• Straddles – In this strategy, an investor is expecting a security to have volatility, but is unsure of what direction the security will move. For this reason, they take out both a call option and a put option at the same strike price and the same expiration date. A key point is that the contracts should be taken out at the same time so the price of the underlying security is the same. The investor will exercise the option that puts them “in the money” and allows the contract to expire worthless.
  • Strangles – This strategy is similar to a straddle strategy, but in the case of a strangle strategy, the options trader is intentionally buying call and put options that are “out of the money”. Once again, this strategy is used when the investor anticipates significant price movement but is unsure of in which direction. A benefit to this strategy is that the buyer will generally pay a lower premium because they are assuming a bit more risk of the contract expiring worthless because they are allowing the strike price to be set further from the current price of the underlying stock.

How an investor can profit from options trading

Now that you understand the mechanics of an options contract, let’s look at how an options trader can profit from their contract. There is really no “best” way. Any of the following methods can, and are, used.

  1. The buyer exercises the option – If the price of the security rises above the strike price (call option) or falls below the strike price (put option), the buyer can exercise the option at any time – even before expiration – and collect the profit.
  2. The buyer can take out a contract in the opposite direction (such as a straddle or strangle). This is a little more sophisticated strategy, but it can be profitable for a stock that an investor sees trading in a tight range. In this case, an investor who bought a call option for $41 on a stock trading at $40 may also buy a put option at $41 with the same expiration date. If the price begins to fall below $41, they can exercise the put option and make a profit, plus recover the lost premium from the call option which they will allow to expire worthless. This is different from a covered call in which a buyer buys a call option and then sells a call option of the same value.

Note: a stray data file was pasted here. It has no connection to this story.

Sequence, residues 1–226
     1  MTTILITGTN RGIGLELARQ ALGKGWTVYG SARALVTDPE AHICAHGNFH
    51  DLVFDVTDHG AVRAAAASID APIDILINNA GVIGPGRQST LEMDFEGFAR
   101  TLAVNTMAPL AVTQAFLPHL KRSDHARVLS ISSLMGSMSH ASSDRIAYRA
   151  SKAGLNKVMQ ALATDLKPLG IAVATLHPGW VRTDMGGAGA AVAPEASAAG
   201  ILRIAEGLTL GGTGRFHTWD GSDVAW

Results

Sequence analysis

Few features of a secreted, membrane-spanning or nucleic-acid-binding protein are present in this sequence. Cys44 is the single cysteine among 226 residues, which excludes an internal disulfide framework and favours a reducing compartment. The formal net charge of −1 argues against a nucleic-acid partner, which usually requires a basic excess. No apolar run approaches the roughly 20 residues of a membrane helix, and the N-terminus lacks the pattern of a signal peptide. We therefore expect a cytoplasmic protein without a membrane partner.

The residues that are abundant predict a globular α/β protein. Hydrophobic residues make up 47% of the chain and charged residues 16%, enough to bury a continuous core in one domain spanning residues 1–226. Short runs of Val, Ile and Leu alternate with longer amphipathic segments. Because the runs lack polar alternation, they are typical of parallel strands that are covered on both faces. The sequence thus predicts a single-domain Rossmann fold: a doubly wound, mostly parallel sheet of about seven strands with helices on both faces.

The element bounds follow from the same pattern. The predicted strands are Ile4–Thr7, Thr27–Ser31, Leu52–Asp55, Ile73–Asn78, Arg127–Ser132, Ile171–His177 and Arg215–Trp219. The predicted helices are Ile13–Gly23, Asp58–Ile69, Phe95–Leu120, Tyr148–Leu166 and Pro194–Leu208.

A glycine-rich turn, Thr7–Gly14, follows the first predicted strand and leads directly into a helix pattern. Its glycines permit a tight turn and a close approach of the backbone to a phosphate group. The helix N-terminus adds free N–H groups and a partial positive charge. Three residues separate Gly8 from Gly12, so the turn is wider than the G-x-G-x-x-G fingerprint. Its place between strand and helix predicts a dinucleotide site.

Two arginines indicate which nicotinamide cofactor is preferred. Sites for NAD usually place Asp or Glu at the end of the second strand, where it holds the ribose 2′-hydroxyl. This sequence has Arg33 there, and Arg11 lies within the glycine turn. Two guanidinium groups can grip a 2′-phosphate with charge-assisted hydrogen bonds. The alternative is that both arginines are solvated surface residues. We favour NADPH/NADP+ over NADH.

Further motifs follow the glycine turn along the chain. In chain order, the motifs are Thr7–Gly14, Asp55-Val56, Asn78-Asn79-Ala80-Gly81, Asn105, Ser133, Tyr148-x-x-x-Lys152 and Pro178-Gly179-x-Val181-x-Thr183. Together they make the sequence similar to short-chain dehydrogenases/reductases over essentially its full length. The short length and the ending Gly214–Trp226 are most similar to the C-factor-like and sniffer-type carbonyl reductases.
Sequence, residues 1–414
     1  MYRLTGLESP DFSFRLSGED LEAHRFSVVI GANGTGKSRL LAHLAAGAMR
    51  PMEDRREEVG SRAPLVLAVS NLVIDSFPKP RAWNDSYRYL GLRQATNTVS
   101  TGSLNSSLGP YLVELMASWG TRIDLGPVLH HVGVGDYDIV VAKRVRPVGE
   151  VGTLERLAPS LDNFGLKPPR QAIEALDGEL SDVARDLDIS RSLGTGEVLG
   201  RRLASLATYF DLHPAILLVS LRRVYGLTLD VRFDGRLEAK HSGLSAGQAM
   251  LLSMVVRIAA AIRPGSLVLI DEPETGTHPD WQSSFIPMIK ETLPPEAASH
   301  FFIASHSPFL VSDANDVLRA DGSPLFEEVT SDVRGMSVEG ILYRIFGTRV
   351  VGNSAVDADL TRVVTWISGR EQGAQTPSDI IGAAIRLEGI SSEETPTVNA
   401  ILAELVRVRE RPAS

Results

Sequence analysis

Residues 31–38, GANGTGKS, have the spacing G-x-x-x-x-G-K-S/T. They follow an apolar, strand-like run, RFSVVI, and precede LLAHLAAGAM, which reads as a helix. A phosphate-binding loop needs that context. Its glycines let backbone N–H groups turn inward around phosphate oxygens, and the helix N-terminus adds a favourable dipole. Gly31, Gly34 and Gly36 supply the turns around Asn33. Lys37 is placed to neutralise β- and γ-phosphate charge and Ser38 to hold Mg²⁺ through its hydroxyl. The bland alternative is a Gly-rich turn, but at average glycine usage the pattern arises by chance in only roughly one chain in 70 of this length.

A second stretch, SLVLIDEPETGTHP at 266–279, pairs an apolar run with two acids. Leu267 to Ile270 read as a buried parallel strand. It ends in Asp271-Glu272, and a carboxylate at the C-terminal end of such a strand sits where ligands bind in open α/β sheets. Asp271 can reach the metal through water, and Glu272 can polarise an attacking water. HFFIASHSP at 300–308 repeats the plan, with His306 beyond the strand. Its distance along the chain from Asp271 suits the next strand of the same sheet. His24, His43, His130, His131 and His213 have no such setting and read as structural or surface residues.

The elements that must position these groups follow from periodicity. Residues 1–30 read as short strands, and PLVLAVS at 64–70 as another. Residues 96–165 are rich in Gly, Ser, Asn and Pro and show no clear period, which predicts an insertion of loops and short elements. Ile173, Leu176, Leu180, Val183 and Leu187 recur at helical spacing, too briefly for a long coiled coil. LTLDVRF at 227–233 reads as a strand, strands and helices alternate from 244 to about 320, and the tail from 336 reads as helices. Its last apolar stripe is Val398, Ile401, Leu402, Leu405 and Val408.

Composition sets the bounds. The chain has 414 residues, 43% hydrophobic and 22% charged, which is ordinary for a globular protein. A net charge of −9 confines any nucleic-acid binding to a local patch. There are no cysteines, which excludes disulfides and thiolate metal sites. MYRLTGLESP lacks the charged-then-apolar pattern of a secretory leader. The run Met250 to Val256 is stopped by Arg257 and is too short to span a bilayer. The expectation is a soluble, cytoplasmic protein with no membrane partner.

3. The buyer can let the contract expire and collect the difference between the stock price and the strike price (this only works if the contract is “in the money” at the time of expiration).

How futures and options trading are different

The difference between futures and options trading is found in the word “option”. As the name implies, an options contract is a contract between a buyer and a seller in which the holder of the option has the right, but not the obligation, to execute the contract. In this way, the options trader has little risk as they can allow the options contract to expire “worthless”, leaving their loss confined to the premium they paid to buy the contract.

By contrast, a futures contract is a contract in which the buyer is obligated to execute the contract at the time of expiration regardless of the price of the underlying asset. This means if a buyer enters into a futures contract that calls for them to purchase a stock at $50, but the stock is "out of the money" with a value of $40, they would still have to buy the stock at the agreed upon price.

The lack of an obligation for an options contract means that only the seller has a true financial liability. However, in the case of a futures contract, the risk is spread equally between the buyer and the seller.

The final word on options trading

Options trading can seem complicated, but it's actually one of the simpler trading strategies that have the advantage of not exposing an investor to significant risk. That's because options trading gives the buyer the option, but not the obligation, to purchase or sell a particular security at an agreed upon price, called the strike price on or before the expiration date.

Call options give investors the opportunity to buy shares at a lower price than the current market price. Put options, by contrast, give investors the opportunity to sell shares at a higher price than the current market price. The optional nature of an options contract puts the risk on the seller of the contract. Should the price of the underlying security not move in the direction for the buyer to make a profit, they can simply allow the contract to expire worthless. In this case, their only loss is in the premium they paid to enter into the contract.

To be successful at options trading, the buyer of the option should have a clearly defined profit expectation and be prepared to exercise the option once the underlying security reaches their exercise price. This can be before the expiration date.

Enter your email address below to receive a concise daily summary of analysts' upgrades, downgrades and new coverage with MarketBeat.com's FREE daily email newsletter.

Yahoo Gemini Pixel